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World Mental Health Day is an opportunity for us to embrace our sense of community and normalize mental health

By Dévora Kestel

In 2022, World Health Organisation (WHO) published its seminal mental health work, the World Mental Health Report. The Report provides a blueprint for governments, academics, health professionals, civil society and others with an ambition to support the world in transforming mental health.

One of the pervasive issues the report covers is stigma. Stigma, discrimination, and human rights violations against people with mental health conditions are widespread in communities and care systems everywhere. Today’s Lancet Commission on Ending Stigma and Discrimination in Mental Health is therefore timely and well received but how will it make a difference?

Stigma wears many faces. We most commonly equate it with how we treat one another. However, that represents only part of the issue; personal shame, internalized through an individual’s mental health suffering, is a silent problem. We must normalize talking about mental health and its multitude of conditions because stigma is the chain onto which all mental health conditions link.

One strength of WHO’s World Mental Health Report is that it includes diverse stories of people living with experience of mental health conditions. We are grateful to the more than 30 people who shared their stories of perseverance and survival. Their courage in telling their story is laudable and humbling; it is by listening to more and more experiences like theirs that we can learn how to offer better support and normalize conversations.

The same is true of the recent WHO guidelines on mental health at work. With an estimated 12 billion workdays lost annually due to depression and anxiety, the new Guidelines recommend actions to tackle risks to mental health in the workplace such as heavy workloads, negative behaviours, and other factors that create distress at work.

Each week brings a new challenge to our personal and collective mental health – conflict, disease and climate call for a new type of resilience in our mental health. Without expressing and understanding it, we will continue to paper the cracks.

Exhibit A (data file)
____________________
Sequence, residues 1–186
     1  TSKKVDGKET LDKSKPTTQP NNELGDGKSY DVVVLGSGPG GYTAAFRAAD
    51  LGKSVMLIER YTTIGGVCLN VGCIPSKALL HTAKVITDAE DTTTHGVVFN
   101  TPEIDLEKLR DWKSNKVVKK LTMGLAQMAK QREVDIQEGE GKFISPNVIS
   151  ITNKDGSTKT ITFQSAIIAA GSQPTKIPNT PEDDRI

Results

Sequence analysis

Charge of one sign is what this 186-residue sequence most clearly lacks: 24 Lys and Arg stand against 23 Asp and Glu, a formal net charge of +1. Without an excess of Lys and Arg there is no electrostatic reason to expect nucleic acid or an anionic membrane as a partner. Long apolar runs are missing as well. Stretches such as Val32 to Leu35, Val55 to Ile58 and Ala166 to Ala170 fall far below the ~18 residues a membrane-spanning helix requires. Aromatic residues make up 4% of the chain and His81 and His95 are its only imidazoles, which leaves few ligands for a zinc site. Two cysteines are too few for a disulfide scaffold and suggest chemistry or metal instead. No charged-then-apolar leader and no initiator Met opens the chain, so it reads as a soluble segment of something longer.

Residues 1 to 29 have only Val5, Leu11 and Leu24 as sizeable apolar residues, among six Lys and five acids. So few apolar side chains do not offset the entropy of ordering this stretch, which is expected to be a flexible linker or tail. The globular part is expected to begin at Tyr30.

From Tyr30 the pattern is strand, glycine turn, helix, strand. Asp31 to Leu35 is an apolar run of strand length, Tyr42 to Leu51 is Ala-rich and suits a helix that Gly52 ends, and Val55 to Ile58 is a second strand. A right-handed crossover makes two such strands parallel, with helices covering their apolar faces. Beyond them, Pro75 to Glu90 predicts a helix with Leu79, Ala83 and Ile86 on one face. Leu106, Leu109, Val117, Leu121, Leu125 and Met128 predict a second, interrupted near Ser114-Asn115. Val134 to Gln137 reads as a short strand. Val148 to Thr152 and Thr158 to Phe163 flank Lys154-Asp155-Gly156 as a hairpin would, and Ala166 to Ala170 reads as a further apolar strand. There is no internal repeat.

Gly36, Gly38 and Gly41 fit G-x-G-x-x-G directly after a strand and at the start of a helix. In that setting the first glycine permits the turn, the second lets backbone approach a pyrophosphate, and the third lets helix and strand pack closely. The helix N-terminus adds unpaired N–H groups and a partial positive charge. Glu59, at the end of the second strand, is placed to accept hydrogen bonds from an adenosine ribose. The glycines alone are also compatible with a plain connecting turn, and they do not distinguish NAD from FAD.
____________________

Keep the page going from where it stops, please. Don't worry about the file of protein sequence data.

Reflecting on an ambition for this year’s World Mental Health Day, there are four priorities WHO would like to see acted upon:

  • Fund mental health services – it is estimated that countries spend less than 2 percent of their health care budget on mental health services. With approximately one billion people living with a mental disorder in 2019, services are radically under-resourced.
  • Upskill ourselves and our caregivers with an understanding of mental health, understand fully personal experiences and how to provide support. The WHO Quality Rights Mental Health e-training is a great place to start. This training was designed to improve the quality of care in mental health and related services and to promote the rights of people with psychosocial, intellectual and cognitive disabilities.
  • Prioritize mental health through our own self-care, analyzing workplace practices to ensure employees thrive and ensuring there is strong community care for mental health.
  • Listen to the voices of people with lived experience of mental health conditions. Their experience will teach us how best to support and care for them.

Mental health conditions are usually painful and unfortunately, stigma only amplifies that distress. Let’s embrace the wise words of this year’s World Mental Health Day theme and make mental health and well-being for all a truly global priority.



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